Magazine article The Christian Century

Disputed Sources Underlie Rep. Akin's Rape Remarks

Magazine article The Christian Century

Disputed Sources Underlie Rep. Akin's Rape Remarks

Article excerpt

"The question of rape always stirs the emotions whenever it is introduced into the abortion debate," wrote Dr. Fred Mecklenburg in 1972. "Unfortunately, the emotional impact of rape often clouds the real issues and the real facts."

Mecklenburg--an assistant clinical professor of obstetrics and gynecology at the University of Minnesota Medical School at that time--could not have known how prescient his words would seem 40 years later.

While Rep. Todd Akin (R., Mo.) cited only "doctors" as his source of information about the rarity of pregnancy resulting from rape, it is two pages, from Mecklenburg's 1972 article "The Indications for Induced Abortion: A Physician's Perspective," that have influenced two generations of antiabortion activists hoping to build a medical case to ban all abortions without exception.

In his article, Mecklenburg wrote that pregnancy resulting from rape "is extremely rare" and cited as an example statistics from Buffalo, New York, which had not seen "a pregnancy from confirmed rape in over 30 years." Other cities--Chicago, Washington, St. Paul--also had experienced lengthy spells without a rape-caused pregnancy, Mecklenburg wrote.

The reasons were numerous. Not all rapes result in "a completed act of intercourse," Mecklenburg wrote. He added that it was "improbable" that a rape would occur "on the 1-2 days of the month in which the woman would be fertile."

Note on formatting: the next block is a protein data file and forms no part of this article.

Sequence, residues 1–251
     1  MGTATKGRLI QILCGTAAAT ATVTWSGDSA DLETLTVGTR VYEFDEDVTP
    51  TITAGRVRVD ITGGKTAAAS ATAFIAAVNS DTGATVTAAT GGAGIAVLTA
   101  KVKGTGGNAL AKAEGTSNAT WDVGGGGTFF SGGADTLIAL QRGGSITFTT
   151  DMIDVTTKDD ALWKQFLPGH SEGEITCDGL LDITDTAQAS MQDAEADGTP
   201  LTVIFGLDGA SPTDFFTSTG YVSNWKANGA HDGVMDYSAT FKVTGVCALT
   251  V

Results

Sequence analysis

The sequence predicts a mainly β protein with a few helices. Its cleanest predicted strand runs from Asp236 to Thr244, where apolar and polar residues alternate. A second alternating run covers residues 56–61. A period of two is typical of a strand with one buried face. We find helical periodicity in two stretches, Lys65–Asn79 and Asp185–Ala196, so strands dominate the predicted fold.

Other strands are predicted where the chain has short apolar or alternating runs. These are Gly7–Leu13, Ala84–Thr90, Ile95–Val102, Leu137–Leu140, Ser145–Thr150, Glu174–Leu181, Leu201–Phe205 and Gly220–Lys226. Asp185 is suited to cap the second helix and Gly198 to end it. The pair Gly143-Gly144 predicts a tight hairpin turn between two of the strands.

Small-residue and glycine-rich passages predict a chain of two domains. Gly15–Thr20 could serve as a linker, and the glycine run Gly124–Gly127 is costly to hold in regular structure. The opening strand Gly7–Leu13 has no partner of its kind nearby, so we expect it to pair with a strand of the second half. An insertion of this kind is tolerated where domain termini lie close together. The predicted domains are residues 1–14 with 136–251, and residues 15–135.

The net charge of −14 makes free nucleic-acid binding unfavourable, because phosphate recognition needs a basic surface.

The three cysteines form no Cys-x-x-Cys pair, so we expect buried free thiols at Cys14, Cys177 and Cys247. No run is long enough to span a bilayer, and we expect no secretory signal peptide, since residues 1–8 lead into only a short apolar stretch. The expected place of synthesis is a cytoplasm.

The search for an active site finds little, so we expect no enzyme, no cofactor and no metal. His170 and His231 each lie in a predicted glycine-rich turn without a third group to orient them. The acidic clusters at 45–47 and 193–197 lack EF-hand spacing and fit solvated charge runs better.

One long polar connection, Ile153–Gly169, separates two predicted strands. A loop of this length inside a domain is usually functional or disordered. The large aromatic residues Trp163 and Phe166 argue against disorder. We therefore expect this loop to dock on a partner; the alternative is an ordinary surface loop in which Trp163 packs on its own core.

Mecklenburg's third reason was apparently picked up by Akin, who made his comments in a TV interview August 19. A woman exposed to the trauma of rape, Mecklenburg wrote, "will not ovulate even if she is 'scheduled' to."

But much other research disputes Mecklenburg's conclusions, both on the infrequency of pregnancy following rape and on natural defenses to prevent conception.

"From a scientific standpoint, what's legitimate and fair to say is that a woman who is raped has the same chances of getting pregnant as a woman who engaged in consensual intercourse during the same time in her menstrual cycle," said Dr. Barbara Levy, vice president for health policy at the American Congress of Obstetricians and Gynecologists.

One widely accepted study from the Medical University of South Carolina suggests a 5 percent pregnancy rate following rape, resulting in 32,000 pregnancies annually. The report was published in the American Journal of Obstetrics and Gynecology and cited by the U.S. Centers for Disease Control and Prevention.

But placing an exact figure on post-rape pregnancy is problematic, primarily because rape is thought to be underreported. Another factor is the availability of over-the-counter emergency contraception, which can prevent fertilization when taken after intercourse.

[ILLUSTRATION OMITTED]

Mecklenburg's article was one of 19 in a book titled Abortion and Social Justice, published a year before the U.S. Supreme Court's Roe v. Wade decision.

In supporting his claim about trauma and ovulation, Mecklenburg cited experiments in Nazi death camps. The Nazis tested this hypothesis "by selecting women who were about to ovulate and sending them to the gas chambers, only to bring them back after their realistic mock-killing, to see what the effect this had on their ovulatory patterns. …

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